Fall Conservation Book Club Gathering





Save the Date for our Fall Conservation Book Club!

The Greenbelt Conservation Book Club is an inclusive and informal group that meets quarterly to discuss a range of local to worldwide conservation issues. Our goal is to expand our learning and knowledge based on our readings and each other through thoughts, personal experiences, and good conversations. Participation is free and open to all. Books are chosen by group consensus and each quarterly gathering will take place voluntarily at a host’s home. Claim your spot below!

Please follow this link to help choose the book we will read and discuss on October 17th. We will announce the most preferred book on August 27th.

Book Club Host:
We’re looking for a host for the Fall Conservation Book Club. Please email blythe@greenbeltlandtrust.org with interest in hosting this wonderful, curious and engaged group in your home.

Book Buying:
You can buy books anywhere, but Grass Roots provides a 15% club discount upon mention of the Greenbelt Conservation Book Club. If you purchase through Amazon, please consider supporting Greenbelt at the same time through AmazonSmile!

Conservation Book Club (10/17/19)

Turtle surveying along the Willamette

Western pond turtle

Photo by Elizabeth Sollie

During the month of July, Greenbelt surveyed freshwater turtle nesting to determine the locations of nesting areas at three of our conservation areas along the Willamette River. The information gathered from these nesting locations will guide the management and enhancement of nesting areas.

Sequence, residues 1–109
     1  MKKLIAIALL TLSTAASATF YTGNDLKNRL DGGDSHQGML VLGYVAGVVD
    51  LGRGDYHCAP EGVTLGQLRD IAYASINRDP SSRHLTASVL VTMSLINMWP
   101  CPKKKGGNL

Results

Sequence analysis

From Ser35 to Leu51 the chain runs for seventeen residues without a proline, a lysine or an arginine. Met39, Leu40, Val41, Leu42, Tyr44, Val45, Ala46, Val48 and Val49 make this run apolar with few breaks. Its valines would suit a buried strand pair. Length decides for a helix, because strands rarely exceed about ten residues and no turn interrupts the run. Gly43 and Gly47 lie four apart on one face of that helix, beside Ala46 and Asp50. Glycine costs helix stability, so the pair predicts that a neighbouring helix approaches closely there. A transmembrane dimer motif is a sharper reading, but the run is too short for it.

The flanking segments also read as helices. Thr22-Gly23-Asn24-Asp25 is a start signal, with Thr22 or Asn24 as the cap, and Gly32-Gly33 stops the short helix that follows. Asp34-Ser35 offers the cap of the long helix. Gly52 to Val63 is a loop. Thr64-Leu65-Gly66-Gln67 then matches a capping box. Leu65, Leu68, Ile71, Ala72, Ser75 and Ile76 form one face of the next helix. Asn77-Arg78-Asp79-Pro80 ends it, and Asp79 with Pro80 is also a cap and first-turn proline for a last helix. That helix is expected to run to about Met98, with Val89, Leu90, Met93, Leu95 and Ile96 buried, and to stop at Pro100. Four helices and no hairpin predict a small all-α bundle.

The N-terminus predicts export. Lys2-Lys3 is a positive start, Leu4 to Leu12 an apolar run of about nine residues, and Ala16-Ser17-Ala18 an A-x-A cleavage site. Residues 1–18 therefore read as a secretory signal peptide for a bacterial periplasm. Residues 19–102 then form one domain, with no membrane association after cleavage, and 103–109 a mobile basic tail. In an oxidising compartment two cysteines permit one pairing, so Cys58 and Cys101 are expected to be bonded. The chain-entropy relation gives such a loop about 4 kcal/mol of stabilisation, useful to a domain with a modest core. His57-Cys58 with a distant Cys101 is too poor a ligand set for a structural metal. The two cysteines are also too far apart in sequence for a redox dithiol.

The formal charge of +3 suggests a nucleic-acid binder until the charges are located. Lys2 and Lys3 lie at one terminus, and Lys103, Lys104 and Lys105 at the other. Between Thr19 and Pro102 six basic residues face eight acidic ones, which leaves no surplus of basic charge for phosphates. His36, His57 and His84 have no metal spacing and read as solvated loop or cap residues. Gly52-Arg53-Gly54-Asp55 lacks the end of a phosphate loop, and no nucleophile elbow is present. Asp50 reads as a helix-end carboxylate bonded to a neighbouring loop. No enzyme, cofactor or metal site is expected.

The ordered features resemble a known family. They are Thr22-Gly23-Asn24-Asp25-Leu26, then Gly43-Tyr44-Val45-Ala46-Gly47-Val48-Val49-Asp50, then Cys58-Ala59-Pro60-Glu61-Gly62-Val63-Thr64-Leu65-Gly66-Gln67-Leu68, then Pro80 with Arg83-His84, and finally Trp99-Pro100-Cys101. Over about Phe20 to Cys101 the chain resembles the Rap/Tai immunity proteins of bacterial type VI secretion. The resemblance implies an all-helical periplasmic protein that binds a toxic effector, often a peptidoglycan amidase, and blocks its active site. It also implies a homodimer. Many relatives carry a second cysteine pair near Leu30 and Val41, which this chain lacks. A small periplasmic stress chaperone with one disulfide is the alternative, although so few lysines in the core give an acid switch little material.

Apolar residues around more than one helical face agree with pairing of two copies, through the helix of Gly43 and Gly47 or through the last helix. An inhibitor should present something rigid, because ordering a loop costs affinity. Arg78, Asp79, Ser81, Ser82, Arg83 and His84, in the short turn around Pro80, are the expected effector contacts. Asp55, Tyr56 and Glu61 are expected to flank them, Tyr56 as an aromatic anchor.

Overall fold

During the survey, we found two species of freshwater turtles on these sites: one of the West Coast’s only native freshwater turtle, the Western pond turtle, and the non-native Red-eared Slider. These turtles—who love to sunbathe on logs—dig their nests on land near marshes, streams, rivers, ponds, and lakes and choose flat, open, sunny spots or in places that are positioned to the south with sandy, gravelly soils.

Native Western pond turtles are under threat by the invasive Red-eared sliders who compete for habitat, food and nesting sites, in addition to predation by “raccoons and invasive bullfrogs and fish” [Oregon Department of Fish and Wildlife].

Greenbelt typically locates nests by finding eggshells after the nest has been dug up by predators. Intact nests are much harder to find. Over the last two years, we’ve found 25 Western Pond Turtle nests and four Red-Eared Slider nests.

Thanks to Lisa Millbank, for in-the-field surveying and to our land owner partners. This survey work was made possible by grant support from the U.S. Fish and Wildlife and the Center for Natural Lands Management, and technical assistance support from the Oregon Department of Fish and Wildlife.

Oregon Department of Fish and Wildlife (2019) Turtles [online], available from: https://myodfw.com/wildlife-viewing/species/turtles [accessed 9th August 2019].


Oregon Department of Fish and Wildlife (2019) Invasive Species Fact Sheet [online], available from: https://www.dfw.state.or.us/conservationstrategy/invasive_species/docs/red-eared_slider_fact_sheet.pdf [accessed 9th August 2019].

The People’s Pint for Conservation

Greenbelt is honored to be this month’s recipient of Block 15’s The People’s Pint program. During the entire month of December, proceeds from sales of Block 15’s The People’s Pint will support our community’s land, water, and wildlife conservation.

Look for The People’s Pint tap handle at both Block 15 locations- Pub and Taproom. The selected beer may change weekly and by location, so there is always something new and exciting to try.  Let’s raise our glasses together for conservation- one pint at a time!

A big THANKS to our friends at Block 15 Brewing Co. and Block 15 Brewery & Tap Room for their support. Cheers!